07 24 2014
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The U.S. National Security Agency has secretly succeeded in breaking much of the encryption that keeps people's personal data safe online, according to reports by The New York Times, The Guardian and ProPublica.

The reports, produced in partnership and published Thursday, are the latest to emerge based on documents leaked by former NSA contractor Edward Snowden to Britain's Guardian newspaper.

According to the reports, the NSA, alongside its UK equivalent, Government Communications Headquarters, better known as GCHQ, has been able to unscramble much of the encoding that protects everything from personal e-mails to banking systems, medical records and Internet chats.

The agencies' methods include the use of supercomputers to crack codes, covert measures to introduce weaknesses into encryption standards and behind-doors collaboration with technology companies and Internet service providers themselves.

"Through these covert partnerships, the agencies have inserted secret vulnerabilities -- known as backdoors or trapdoors -- into commercial encryption software," The Guardian says.

And the agency spends $250 million a year to get corporations and tech companies to cooperate.

The Guardian cites a 2010 GCHQ memo that it says describes a briefing on NSA accomplishments given to GCHQ employees.

"For the past decade, NSA has lead (sic) an aggressive, multi-pronged effort to break widely used Internet encryption technologies," the memo reportedly says. "Vast amounts of encrypted Internet data which have up till now been discarded are now exploitable."

A second memo is quoted as saying that when the British analysts, who often work alongside NSA officers, were first told about the program, "those not already briefed were gobsmacked."

Another document states that GCHQ has been working to find ways into the encrypted data sent via four big Internet firms, Google, Yahoo, Facebook and Microsoft's Hotmail, the reports claim.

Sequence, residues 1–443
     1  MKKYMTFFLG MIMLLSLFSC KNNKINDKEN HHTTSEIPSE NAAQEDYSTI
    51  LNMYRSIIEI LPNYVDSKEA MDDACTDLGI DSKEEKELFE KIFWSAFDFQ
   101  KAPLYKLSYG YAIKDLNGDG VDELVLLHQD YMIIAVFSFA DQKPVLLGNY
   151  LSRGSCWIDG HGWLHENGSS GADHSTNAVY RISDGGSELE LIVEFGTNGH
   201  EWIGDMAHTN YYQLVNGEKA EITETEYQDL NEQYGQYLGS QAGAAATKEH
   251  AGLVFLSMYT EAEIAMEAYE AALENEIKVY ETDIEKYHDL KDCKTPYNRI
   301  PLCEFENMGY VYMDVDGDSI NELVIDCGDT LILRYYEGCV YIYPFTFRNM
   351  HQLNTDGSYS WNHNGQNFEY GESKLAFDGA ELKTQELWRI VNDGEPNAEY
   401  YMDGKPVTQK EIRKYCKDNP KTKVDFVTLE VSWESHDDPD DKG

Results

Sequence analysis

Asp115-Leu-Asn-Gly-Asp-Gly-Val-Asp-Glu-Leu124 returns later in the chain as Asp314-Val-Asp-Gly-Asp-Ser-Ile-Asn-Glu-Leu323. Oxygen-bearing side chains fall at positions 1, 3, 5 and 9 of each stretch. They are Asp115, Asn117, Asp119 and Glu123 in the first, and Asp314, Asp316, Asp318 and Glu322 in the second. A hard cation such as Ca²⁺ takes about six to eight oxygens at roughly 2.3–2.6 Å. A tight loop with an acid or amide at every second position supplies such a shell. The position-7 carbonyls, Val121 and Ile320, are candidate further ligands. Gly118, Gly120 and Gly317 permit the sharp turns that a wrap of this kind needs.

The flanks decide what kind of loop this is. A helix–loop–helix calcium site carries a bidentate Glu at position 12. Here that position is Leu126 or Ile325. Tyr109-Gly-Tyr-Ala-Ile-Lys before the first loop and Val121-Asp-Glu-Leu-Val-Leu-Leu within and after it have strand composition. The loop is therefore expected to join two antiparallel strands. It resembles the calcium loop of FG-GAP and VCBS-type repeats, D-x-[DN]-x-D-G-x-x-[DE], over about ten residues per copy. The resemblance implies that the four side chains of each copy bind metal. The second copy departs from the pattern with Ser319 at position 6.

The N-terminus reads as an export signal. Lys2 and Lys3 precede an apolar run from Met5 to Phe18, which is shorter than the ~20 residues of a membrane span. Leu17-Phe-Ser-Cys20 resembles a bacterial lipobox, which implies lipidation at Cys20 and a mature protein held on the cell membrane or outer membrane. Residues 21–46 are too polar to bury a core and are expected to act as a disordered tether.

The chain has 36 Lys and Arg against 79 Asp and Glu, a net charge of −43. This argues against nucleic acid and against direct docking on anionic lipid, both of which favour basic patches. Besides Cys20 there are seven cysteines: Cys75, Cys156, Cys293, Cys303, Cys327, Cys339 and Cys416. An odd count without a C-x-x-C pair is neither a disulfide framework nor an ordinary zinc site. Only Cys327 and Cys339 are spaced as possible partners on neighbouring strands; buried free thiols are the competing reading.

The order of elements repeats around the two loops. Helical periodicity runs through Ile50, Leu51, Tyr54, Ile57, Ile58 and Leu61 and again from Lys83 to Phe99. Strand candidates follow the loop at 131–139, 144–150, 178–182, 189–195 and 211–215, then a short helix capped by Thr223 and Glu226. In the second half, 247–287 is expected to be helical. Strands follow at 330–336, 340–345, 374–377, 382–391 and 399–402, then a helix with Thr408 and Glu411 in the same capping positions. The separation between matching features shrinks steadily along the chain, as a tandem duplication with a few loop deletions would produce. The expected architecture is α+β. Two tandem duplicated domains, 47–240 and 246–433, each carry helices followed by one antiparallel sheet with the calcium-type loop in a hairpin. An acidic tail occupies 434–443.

GCHQ told CNN it had no comment on The Guardian report.

The reports claim that the NSA worked to develop more covert ways of unscrambling online data after losing a public battle in the 1990s to insert a government "back door" into all programming.

'Foundation of web security'

Computer security expert Mikko Hypponen believes the revelation is the most important leak to date from Snowden.

"It may not have gained as many headlines as some of his other stories, because most people don't understand how crypto systems work. If indeed U.S intelligence does indeed have such a wide range of systems, then I'm surprised," he told CNN.

Crypto encryption is relevant to everyday applications that everyone uses, for example in communications and transactions, he said. "Now we learn that the foundation of web security has been compromised."

Hypponen, the chief research officer for F-Secure, said he believes the NSA and GCHQ had probably cracked the encryption by placing moles in key companies at key locations. "Any major service provider must have sizable amounts of moles from intelligence agencies. Remember that the NSA has 35,000 people working for it," he said.

"The ordinary user should not be worried by these revelations -- it's obvious that intelligence agencies are not interested in hacking financial transactions -- but they should be outraged."

He suggested those outside the United States should be the most concerned.

"How many U.S. politicians use French cloud-services? Almost none. But how many French politicians use U.S. cloud services? All of them," he said. "Remember that 96 percent of the planet's inhabitants are foreigners to the United States, so it's wrong that the U.S. has a legal right to access foreign communications."

Public concern

The scope of hidden U.S. surveillance programs has been brought to public light through leaks to media outlets by Snowden, who fled the United States and is now in Russia under temporary asylum. He faces espionage charges.

The revelations have led many Americans, according to polls, to harbor skepticism about the NSA programs. They've also generated concern in Congress as well as from privacy groups and libertarians.

Last month, President Barack Obama sought to allay people's unease over the work of the intelligence agency in an interview with CNN "New Day" anchor Chris Cuomo.

Obama said he was confident no one at the NSA is "trying to abuse this program or listen in on people's e-mail." The president chalked much of the concern with domestic snooping on changes in technology.

"I think there are legitimate concerns that people have that technology is moving so quick," Obama said. "What I recognize is that we're going to have to continue to improve the safeguards and as technology moves forward, that means that we may be able to build technologies that give people more assurance."

CNN's Bharati Naik contributed to this report.

 

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